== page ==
Are the Packers Really Different In 2017's Free Agency?
Green Bay has signed four (count ‘em! Four!!) free agents since the new league year began in early March. Are the Packers really going all-in as Aaron Rodgers suggested, or is it something else?
Jon and Gary debate whether the Packers are really doing anything new in the world of free agency below.
Jon says: No, this is a unique set of circumstances
The Packers have signed four free agents so far this offseason, but I don’t buy that this is a departure from the way the Packers have done business in the past or that Ted Thompson has turned over a new leaf.
In truth, Ted Thompson has always been willing to upgrade the Packers via free agency, but not always in the way that fans would hope.
Every year, Thompson gauges the free agents available, their market value, and the Packers’ priorities in terms of positions, and if a free agent matches what the Packers are willing to pay, Thompson doesn’t hesitate to go get them.
The last two years have shown this exact scenario playing out. Last year, the Packers were perceived to be in dire need of inside linebacker help, and wouldn’t you know it, Denver’s Danny Trevathan was available and interested in playing with the Packers.
But Green Bay doesn’t value inside linebackers the same way as most teams, and even though his asking price was not unreasonable, Trevathan ended up in Chicago. The exact reverse played out with Jared Cook. Green Bay was prepared to stand pat at tight end, but when Cook came onto the market, they inked him after some haggling over price.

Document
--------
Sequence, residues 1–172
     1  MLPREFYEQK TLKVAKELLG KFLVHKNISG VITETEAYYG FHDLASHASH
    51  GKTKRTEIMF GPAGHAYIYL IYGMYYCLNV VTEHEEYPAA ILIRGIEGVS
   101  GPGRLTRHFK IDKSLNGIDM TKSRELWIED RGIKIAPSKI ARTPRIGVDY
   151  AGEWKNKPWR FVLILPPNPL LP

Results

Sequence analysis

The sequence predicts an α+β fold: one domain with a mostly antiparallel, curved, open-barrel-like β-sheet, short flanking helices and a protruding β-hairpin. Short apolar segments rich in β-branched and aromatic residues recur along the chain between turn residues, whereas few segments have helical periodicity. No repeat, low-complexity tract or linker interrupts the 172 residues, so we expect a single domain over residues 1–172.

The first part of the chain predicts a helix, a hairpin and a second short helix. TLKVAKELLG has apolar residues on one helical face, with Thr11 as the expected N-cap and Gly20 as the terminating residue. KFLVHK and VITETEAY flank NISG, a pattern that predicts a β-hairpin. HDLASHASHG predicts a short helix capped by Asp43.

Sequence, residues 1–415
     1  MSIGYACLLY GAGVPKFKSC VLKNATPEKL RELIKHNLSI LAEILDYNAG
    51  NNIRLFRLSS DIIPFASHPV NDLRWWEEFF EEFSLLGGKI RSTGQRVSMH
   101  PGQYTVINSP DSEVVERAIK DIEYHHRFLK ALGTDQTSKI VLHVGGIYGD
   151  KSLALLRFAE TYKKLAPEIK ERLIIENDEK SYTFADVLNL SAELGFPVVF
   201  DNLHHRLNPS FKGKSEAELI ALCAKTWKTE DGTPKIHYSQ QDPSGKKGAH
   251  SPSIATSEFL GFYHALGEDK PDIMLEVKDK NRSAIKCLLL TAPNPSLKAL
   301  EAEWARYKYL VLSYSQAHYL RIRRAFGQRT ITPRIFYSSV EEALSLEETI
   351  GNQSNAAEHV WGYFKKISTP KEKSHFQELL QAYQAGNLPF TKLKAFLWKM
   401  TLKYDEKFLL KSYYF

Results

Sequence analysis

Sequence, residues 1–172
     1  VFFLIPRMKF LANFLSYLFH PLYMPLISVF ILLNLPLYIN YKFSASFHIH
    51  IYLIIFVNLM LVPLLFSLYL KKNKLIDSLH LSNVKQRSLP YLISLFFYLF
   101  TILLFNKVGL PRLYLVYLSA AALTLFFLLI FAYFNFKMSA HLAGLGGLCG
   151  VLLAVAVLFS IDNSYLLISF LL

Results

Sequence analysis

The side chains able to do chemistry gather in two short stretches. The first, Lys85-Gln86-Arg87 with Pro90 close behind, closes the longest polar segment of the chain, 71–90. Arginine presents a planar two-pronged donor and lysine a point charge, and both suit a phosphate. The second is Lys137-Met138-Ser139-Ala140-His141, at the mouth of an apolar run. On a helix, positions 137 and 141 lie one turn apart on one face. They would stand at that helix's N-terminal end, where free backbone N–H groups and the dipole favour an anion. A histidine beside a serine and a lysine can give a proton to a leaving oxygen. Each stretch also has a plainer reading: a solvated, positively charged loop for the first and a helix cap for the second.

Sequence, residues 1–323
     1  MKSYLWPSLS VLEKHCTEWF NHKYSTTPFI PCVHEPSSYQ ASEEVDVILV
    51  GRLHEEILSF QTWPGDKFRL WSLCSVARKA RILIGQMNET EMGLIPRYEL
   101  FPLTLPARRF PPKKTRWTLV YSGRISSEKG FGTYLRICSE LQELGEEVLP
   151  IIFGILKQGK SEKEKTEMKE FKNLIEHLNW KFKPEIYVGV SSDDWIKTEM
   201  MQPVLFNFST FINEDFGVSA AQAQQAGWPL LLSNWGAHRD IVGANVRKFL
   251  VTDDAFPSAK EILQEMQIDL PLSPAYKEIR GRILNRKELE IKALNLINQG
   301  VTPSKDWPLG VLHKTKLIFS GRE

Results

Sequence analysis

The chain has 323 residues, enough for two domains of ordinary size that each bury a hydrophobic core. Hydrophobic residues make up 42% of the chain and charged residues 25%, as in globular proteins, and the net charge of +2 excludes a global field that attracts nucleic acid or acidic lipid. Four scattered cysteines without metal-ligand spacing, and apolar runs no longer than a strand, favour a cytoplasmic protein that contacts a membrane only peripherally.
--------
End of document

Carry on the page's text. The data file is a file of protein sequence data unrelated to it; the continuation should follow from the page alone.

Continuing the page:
This year, the Packers’ needs have been more in line with what the market supported. Martellus Bennett was available and relatively reasonable and the Packers needed a tight end, so to Green Bay he came. Ricky Jean Francois was cut, and the Packers needed defensive line depth, so Thompson went and got him.
This isn’t anything new. It’s just so happened that the market and prices have aligned with what the Packers value in terms of positions, and that’s led to Thompson’s perceived splurge.
Gary says: Yes, the free agency plan actually worked this year
This offseason draws a lot of similarities to Ted Thompson’s first two offseasons in Green Bay. Then, the Packers were building around a star quarterback in his 30’s and trying to repair a defense on its fourth defensive coordinator in four years. Thompson is lauded for signing Charles Woodson, but additions like Ryan Pickett helped greatly.
Ten years later, Green Bay is ramping up for a final run with Aaron Rodgers. It’s clear Ted Thompson and the front office will continue to build their roster differently than the Broncos did under Peyton Manning or New England did under Tom Brady, choosing to keep the core together instead of hunt for mammoth additions.
Two years ago, buzz started to gather that Thompson was going to be more aggressive in free agency. “We’ll see how it shakes out,” head coach Mike McCarthy said of free agency. “We might shock you this year.” Jared Cook was nice, but calling his signing a ‘shock’ is a bridge too far.
Then this January, Ian Rapoport said the Packers would “go and get some free agents this year.” It felt like the same verse. This time around, Green Bay aggressively pursued Nick Perry and bolstered the weak tight end position with both talent and depth. After the first wave of free agency, they added Ricky Jean Francois – who fits Green Bay beautifully.
This could have been the Packers plan every offseason. Chase some high profile free agents, and if the money’s right, sign ‘em. But this was the first time the plan provided fruit in over ten years.